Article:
Six years ago, Art Abramson retired as executive director of the Baltimore Jewish Council — the community relations and political arm of The Associated: Jewish Federation of Baltimore — which blossomed under his leadership for 26 years.
Abramson has not retired quietly in the intervening six years. In fact, in August of 2018, he launched skepticart.com, a blog titled “Skepticart: Really!: Government, politics and current issues,” in which he tackles key issues of the day.
Abramson lives with his wife in Baltimore County, and they have been members of Chizuk Amuno for 30 years. They have one daughter.
Abramson’s blog, he said, “allows me to express myself and be beholden to absolutely no one. I always worked for a nonprofit, and you of course can’t express yourself politically. Now, for the first time in 40 years, I can take part in positions on some issues.”
The 40 years Abramson references were spent teaching foreign policy in Los Angeles, Houston and Baltimore and leading key organizations in those states, from the American Jewish Committee in Los Angeles, to the Jewish Federation of Greater Houston, to the Baltimore Jewish Council.
In Houston, as community relations director at the Jewish Federation of Greater Houston, Abramson enhanced and grew the Mickey Leland Kibbutzim Internship Foundation, which in turn provided the inspiration for the foundation of BJC’s Elijah Cummings Youth Program in Israel.
Abramson said that he was brought into BJC to make changes, enhance programs and build bridges.
He enhanced relationships with various communities through the creation of inter-ethnic and interreligious dialogues. The efforts yielded stronger ties between the Jewish and the African American and Muslim communities and saw the start of a Jewish–Hispanic dialogue.
In addition to the establishment of the Elijah Cummings Youth Program in Israel, under Abramson’s leadership, the BJC enhanced its relationship with Holocaust survivors through various programs still in existence. And the work didn’t stop there — policy development was one area of growth, accompanied by the influx of significant funding to various community organizations. Abramson’s work also placed him in close contact with many key leaders in other communities, as he enjoyed a close relationship with, among others, the late Catholic Archbishop William Keeler.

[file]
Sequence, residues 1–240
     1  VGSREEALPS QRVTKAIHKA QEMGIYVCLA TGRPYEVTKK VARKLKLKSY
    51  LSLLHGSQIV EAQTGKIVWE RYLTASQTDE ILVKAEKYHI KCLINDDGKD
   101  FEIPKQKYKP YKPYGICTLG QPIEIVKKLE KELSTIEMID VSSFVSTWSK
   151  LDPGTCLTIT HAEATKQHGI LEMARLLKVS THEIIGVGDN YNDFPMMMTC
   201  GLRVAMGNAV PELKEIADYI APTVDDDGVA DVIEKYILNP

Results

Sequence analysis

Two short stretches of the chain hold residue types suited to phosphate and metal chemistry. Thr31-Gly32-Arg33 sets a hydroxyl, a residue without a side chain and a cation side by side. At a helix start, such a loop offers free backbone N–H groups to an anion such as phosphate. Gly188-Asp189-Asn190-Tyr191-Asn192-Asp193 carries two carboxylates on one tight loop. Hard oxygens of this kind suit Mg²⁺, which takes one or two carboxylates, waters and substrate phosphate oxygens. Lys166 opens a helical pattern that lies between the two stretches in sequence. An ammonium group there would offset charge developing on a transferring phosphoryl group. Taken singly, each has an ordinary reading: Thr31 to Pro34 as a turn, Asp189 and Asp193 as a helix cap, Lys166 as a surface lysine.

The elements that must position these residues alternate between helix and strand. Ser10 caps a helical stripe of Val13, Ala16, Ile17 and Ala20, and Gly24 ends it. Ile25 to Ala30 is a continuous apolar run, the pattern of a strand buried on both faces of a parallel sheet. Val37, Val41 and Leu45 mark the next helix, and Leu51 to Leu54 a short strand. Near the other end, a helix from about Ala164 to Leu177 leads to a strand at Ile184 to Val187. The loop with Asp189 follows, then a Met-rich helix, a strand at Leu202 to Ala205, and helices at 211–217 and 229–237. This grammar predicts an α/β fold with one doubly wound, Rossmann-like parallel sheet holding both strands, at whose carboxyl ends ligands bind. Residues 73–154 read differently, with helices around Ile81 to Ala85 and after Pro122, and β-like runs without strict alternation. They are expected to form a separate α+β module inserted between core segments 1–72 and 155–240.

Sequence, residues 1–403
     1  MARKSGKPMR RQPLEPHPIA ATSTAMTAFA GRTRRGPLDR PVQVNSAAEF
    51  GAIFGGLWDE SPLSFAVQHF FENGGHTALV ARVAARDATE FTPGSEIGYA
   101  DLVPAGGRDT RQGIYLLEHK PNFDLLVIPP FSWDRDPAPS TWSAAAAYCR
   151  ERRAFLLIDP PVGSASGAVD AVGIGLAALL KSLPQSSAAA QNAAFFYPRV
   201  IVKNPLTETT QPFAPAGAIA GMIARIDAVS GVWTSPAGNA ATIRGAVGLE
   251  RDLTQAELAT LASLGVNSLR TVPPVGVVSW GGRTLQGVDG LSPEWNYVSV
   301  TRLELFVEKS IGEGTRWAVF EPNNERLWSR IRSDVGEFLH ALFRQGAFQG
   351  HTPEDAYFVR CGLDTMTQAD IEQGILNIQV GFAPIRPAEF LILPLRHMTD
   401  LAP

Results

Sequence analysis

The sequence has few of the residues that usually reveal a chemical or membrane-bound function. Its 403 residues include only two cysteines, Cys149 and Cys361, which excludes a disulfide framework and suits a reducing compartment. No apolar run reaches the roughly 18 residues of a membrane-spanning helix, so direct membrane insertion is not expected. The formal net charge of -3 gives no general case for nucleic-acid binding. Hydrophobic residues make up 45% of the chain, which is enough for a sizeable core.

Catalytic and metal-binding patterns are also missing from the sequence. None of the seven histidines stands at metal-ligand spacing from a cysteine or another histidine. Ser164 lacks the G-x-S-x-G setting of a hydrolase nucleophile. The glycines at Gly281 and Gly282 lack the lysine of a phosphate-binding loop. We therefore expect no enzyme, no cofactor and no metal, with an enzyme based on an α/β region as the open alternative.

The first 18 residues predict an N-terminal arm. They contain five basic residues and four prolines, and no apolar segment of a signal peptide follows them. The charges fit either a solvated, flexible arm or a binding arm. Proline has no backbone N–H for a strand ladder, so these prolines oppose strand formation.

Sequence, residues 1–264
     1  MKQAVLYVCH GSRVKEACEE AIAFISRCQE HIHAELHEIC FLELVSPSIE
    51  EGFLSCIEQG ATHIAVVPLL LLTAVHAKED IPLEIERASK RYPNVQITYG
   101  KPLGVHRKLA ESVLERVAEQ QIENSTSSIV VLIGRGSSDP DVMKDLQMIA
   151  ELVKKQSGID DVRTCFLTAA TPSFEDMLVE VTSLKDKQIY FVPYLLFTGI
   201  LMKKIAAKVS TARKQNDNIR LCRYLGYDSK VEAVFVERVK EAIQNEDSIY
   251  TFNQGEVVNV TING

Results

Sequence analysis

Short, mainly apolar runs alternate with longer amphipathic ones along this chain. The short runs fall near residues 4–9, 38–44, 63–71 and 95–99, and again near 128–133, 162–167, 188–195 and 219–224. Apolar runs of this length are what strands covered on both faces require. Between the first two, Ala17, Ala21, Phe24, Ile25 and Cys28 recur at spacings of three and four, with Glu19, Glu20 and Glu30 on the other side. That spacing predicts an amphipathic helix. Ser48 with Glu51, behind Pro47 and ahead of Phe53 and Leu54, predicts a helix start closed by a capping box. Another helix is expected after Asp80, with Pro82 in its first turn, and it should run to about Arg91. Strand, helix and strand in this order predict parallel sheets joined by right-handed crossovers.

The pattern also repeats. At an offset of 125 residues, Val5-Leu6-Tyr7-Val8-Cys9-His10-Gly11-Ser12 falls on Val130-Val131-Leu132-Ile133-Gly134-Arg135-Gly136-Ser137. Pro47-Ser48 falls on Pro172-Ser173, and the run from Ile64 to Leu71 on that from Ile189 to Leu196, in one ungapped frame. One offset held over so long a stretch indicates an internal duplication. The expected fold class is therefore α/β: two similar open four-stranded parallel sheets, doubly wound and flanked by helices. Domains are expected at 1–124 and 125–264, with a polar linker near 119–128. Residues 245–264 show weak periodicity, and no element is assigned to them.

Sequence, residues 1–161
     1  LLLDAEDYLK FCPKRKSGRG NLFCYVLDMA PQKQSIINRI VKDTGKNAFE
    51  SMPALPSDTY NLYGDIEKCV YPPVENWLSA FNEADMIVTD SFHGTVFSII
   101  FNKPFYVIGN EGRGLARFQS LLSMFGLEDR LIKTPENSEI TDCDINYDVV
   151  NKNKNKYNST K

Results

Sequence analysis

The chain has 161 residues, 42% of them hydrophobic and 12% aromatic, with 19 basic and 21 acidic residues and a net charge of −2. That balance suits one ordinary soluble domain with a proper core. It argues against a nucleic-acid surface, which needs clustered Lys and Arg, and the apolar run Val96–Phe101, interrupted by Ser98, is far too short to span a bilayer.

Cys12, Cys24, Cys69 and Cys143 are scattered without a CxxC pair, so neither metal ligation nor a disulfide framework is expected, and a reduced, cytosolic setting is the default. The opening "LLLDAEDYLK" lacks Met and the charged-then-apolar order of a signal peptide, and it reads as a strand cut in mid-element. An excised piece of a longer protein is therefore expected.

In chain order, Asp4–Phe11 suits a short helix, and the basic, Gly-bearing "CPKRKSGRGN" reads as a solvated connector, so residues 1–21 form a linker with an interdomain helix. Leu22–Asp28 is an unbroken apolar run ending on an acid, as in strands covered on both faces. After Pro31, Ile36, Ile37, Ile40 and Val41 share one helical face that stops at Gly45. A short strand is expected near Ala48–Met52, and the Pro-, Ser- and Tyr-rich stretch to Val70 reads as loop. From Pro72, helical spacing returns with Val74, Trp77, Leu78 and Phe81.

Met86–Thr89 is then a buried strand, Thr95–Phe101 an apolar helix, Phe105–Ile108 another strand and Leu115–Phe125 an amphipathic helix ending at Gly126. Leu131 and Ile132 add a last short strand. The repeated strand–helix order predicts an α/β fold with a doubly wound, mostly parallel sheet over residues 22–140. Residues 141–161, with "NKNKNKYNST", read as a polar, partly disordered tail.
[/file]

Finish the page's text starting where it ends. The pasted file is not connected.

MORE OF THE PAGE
Born in Brooklyn, N.Y., and raised in a public housing project until he was 9 years old, Abramson recalls those formative years as key not only to his understanding of others, but also to his ability to be at ease with people from different backgrounds. Those early years also planted the seed of his desire to bring people of different backgrounds together.
Abramson obtained his B.A. in political science from Queens College of the City University of New York, and his M.A. and Ph.D. in political science from UCLA.
Abramson continues to be passionate about foreign policy — his doctoral thesis, in fact, explored the formulation of American foreign policy in the Middle East during the Truman Administration, and he is passionate about Israel.
“That Israel was created is a God-given miracle,” Abramson said, “but it was created on a lot of tragedy, in the end. One of the reasons I love going to Israel is that it has, ideally, been built on social justice.”
He has visited Israel over 60 times in his lifetime and spent time there while in college.
But, Abramson remarked, “Jewish survival depends upon us being able to develop relationships with others. That has not always worked out.”
Abramson emphasized that the essence of Judaism is justice — tzedek, tzedek tirdof, which translates as “justice, justice shall you pursue.” If there is one thing he cannot stand, Abramson said, it is racism anywhere, but particularly in the Jewish community.
Abramson said he lives by the words of Hillel, “that which you do not want done unto you, do not do unto others: the rest is commentary.”